Geothermal project debate: the issue of trust
Over the past few weeks Dominicans at home and abroad have joined the debate about the geothermal project currently being implemented in the Roseau Valley. This sometimes noisy debate began many months after the government had spent more than twenty million dollars on the exploration phase and for many years had spoken about the benefits of the project to the Dominican economy, as if geothermal was manna from Heaven.
But a few weeks ago, the people of the Roseau Valley in particular suddenly found their voice and began clamouring for information about that geothermal project being established virtually on their doorsteps. The villagers claimed that their government had kept them ignorant about the dangers associated with harnessing energy from rocks hundreds of feet below the surface of the earth.
But Rayburn Blackmore, the minister responsible for energy, discredited the arguments of the people and even contended that that certain persons were trying to derail the project for political reasons. Blackmore argued that his government had taken all necessary measures to ensure that the people and the environment in that area would not be affected in any way. He said the Government of Dominica, in partnership with the French Environment and Energy Management Agency (ADEME), a consulting firm, had been commissioned to undertake an Environmental Impact Study (EIA). CARAÏBES ENVIRONNEMENT, according to Blackmore, presented a first draft report on July 28, 2011 and the final version on January 22, 2012. Nevertheless, the people of the Valley said they have not seen that EIA report and do not know the contents of that EIA that Mr. Blackmore spoke about.
Additionally, Blackmore reported that in January 2011 his Government conducted community consultations and a public awareness drive before and during the exploratory drilling phase in the villages of Trafalgar, Wotten Waven and Laudat. Schools were even involved in designing project logos and the government organised town hall style meetings to ensure that all the villagers' concerns were heard.
Well, given the current discussion in the Valley, it seems the Government's public education effort was a total failure. For example, Dr. Christiana Abraham wrote in an opinion piece in last week's edition of the Sun that accountability and guarantees have not been provided by the government. She wrote: "One of the important issues this raises is who is/will be responsible for any short and long-term harm done to residents of Laudat and the Roseau Valley. If people are made sick, or God forbid, killed because of air or water contamination, land subsidence or volcanic activity, who will assume responsibility? The Iceland Drilling Company? The Government of Dominica? The funding agencies? People want to know what health and safety guarantees have been put in place and who will be responsible for continuous health, and environmental monitoring?"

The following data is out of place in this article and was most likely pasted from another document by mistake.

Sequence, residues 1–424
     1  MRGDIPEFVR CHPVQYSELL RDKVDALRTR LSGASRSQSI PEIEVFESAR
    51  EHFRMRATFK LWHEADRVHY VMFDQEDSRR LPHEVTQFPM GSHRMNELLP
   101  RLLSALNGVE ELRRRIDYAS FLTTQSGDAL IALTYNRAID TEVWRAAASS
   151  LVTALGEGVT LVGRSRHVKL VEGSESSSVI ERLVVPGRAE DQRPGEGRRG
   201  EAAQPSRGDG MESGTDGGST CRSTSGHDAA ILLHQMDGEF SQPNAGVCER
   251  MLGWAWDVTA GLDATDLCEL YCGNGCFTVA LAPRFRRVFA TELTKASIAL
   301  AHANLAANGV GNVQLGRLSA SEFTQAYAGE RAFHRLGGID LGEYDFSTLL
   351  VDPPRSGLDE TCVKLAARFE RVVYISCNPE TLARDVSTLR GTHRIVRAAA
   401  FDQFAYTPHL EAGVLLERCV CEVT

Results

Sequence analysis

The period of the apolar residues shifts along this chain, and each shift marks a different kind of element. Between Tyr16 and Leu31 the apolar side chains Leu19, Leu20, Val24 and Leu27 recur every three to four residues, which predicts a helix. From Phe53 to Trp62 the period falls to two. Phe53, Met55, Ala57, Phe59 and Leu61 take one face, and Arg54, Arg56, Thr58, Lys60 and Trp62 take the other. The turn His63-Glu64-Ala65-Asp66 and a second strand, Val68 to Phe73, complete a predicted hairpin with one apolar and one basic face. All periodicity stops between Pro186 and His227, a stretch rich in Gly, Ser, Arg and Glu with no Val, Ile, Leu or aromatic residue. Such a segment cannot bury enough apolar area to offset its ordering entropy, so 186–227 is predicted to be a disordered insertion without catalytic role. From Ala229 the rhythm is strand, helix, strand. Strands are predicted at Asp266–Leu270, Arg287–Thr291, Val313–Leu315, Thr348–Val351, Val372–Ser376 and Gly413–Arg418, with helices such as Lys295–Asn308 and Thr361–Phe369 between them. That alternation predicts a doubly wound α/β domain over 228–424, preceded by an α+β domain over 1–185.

Additionally, Gary Shillingford, a resident of Laudat and a lead spokesman of the "protest", probably missed all important aspects of the village consultations and public awareness campaign since he told the national station, DBS Radio, that "we want to be aware of what is going to happen, we want to know what you getting in the ground, we want to know that it is going to be safe. If it is safe and viable, then fine. Our main concern is the safety of our people."
It is our view the extraction of geothermal energy from the hot rocks below the ground may be a safe and economically viable venture, if the technicians know what they were doing and took the necessary precautions. In fact engineer Washway Douglas, (Mr. Blackmore accused him of wishing to "wash away" the geothermal project in the Roseau Valley) contended in a press release that "Dominica has huge potential of geothermal energy, and with the neighbouring French islands of Martinique and Guadeloupe huge demand for inexpensive clean energy, Dominica has a great opportunity to supply these islands with clean energy while significantly lowering the price of electricity in Dominica."
So, if Mr Blackmore has done all that he said his ministry has done, why is the Government of Dominica having a crisis on its hands with regard to its project in the Roseau Valley? Douglas believes that "a lack of inclusion/transparency caused the current anxiety.
We agree and we add that the geothermal crisis is a manifestation of an acute lack of trust and confidence in government's ability to undertake projects in the interest of the people. In other words, no matter what Mr Blackmore says, the people in the Roseau Valley do not trust him and his government. And that is probably applicable to other communities in Dominica since they have been victims of graft, corruption and the legal machinations of contemporary politicians. The society has lost confidence not only in its politicians but also the private sector, schools, police, lawyers, judges as well as the church and the press.
Social scientists contend that a shared sense of trust, a basic belief in the cooperativeness and unselfishness of human nature, is vital to building a strong civil society. Trust, they argue, is the glue that binds society together.